- Nowhere in the book is there much evidence of strong emotion on her part, even through there are some hair-raising episodes. What in her upbringing and background do you think led to this
- All through her story, Markham shows great empathy for animals. She even enters into the mind of the Royal Exile, Camciscan, telling of her conquest of him from his point of view. Do you find
this an effective way to tell the story? To which animal does she show most affection or respect?
- Although she occasionally refers here and there in the narratives to her sadness at leaving Njoro, do we feel it in her descriptions of that leave-taking?
- In the chapter entitled, “Hodi,” we find her realistic view of the racial inequities of her time. Do you think if she had lived on into our era of “political correctness,” she would have
been so apparently accepting of these divisions? Can you find anything in the book to substantiate your answer?
- What early incident foreshadows her later dedication to flying? Do you think it could be said to be passionate attachment? Why?
- Nowhere does she mention her mother or brother. What do we find out about her relationship with her father?
- At some point after its original publication, Markham’s detractors claimed that her 3rd husband, a Hollywood screenwriter (Raoul Schumacher) actually wrote or strongly assisted her writing
this book. Her biographer, Mary Lovell, refutes this charge and Beryl herself “contemptuously dismissed” the rumor that she didn’t write the book herself This biography was started before Beryl
Markham died in 1986, and contains quotes from personal interviews with Markham.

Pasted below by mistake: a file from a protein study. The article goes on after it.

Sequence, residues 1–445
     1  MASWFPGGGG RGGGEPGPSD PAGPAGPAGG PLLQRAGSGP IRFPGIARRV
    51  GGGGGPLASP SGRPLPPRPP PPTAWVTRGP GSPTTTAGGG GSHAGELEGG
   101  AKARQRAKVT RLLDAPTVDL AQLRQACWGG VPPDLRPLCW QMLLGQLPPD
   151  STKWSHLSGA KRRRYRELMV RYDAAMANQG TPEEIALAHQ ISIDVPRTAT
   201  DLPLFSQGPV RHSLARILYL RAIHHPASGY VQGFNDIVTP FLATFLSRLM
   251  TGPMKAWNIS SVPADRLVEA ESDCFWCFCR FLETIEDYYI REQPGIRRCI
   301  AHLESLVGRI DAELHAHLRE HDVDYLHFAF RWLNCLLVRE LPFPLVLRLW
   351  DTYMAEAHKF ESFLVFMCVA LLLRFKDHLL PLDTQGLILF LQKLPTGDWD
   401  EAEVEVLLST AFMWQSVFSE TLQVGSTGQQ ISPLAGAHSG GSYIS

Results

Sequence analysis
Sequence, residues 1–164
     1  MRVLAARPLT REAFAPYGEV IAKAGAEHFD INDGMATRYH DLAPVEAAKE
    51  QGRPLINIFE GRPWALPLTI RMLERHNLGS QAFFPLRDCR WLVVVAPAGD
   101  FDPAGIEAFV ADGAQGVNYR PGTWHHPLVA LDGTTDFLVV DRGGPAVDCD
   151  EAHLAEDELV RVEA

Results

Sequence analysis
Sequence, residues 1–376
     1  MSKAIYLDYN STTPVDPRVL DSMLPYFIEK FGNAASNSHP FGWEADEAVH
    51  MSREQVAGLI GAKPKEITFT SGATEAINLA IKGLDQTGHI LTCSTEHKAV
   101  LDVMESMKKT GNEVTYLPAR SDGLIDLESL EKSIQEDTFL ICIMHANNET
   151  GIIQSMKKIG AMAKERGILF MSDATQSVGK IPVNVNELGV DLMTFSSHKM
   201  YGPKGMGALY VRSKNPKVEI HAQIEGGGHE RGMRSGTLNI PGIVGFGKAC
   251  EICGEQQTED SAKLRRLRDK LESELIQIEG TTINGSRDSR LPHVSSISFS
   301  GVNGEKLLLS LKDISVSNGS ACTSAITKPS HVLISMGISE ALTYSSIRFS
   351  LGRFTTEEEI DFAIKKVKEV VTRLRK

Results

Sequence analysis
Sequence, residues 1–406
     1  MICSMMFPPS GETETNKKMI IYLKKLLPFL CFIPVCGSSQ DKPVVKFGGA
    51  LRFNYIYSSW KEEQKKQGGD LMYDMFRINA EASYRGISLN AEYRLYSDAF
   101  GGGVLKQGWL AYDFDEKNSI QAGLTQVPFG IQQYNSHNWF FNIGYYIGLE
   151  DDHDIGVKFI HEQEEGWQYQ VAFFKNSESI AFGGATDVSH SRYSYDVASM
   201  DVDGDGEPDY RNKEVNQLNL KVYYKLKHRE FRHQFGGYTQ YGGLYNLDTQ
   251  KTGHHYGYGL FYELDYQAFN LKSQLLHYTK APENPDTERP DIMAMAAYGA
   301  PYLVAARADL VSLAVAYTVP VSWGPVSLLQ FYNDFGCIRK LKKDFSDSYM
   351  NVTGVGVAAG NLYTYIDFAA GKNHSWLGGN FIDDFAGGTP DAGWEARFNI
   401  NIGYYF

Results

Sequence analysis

- Are the any references or allusions in the book itself that could be used as evidence of enough “book education” to refute the accusations that she did not write the story alone?
- When Beryl Markham opens her memoir, she is the only professional woman pilot in Africa, flying a mercy mission to deliver a canister of oxygen to a sick miner. How do her personal qualities
make it possible for her to lay claim to such a distinction
- Markham comes to believe a statement made by her father about a lion, a statement that Beryl realizes applies to most animals: “You can always trust a lion to be exactly what he is – and
never anything else.” How and why does she come to recognize the truth of his declaration?
- Markham witnesses many rituals and rites of passage as she grows up in Africa. How do they help shape her thinking and her values?
- How do Coquette and Pegasus showcase Markham’s relationship with her father and contribute to her education and her future
- Beryl Markham writes, “Somebody with a flair for small cynicism once said, ‘We live and do not learn.’ But I have learned some things” (131). How does Markham demonstrate the things she has
- Markham relates in some detail how she uses her flying skills to aid hunters. How do you react to this part of her career?
- Markham endures many discomforts, hardships and dangers living in Africa, yet the beauty of Africa sustains her. Mark and react to lines that help you participate in her wonder and
- As Markham closes her book and writes, “... the plane I stepped from was not the Gull, and for days while I was in New York I kept thinking about that and wishing over and over again that it
had been the Gull, until the wish lost its significance...” she reveals, even in a moment of perceived failure, a secret to her success (291). How does her statement give the reader insight into
the way she lived her remarkable life?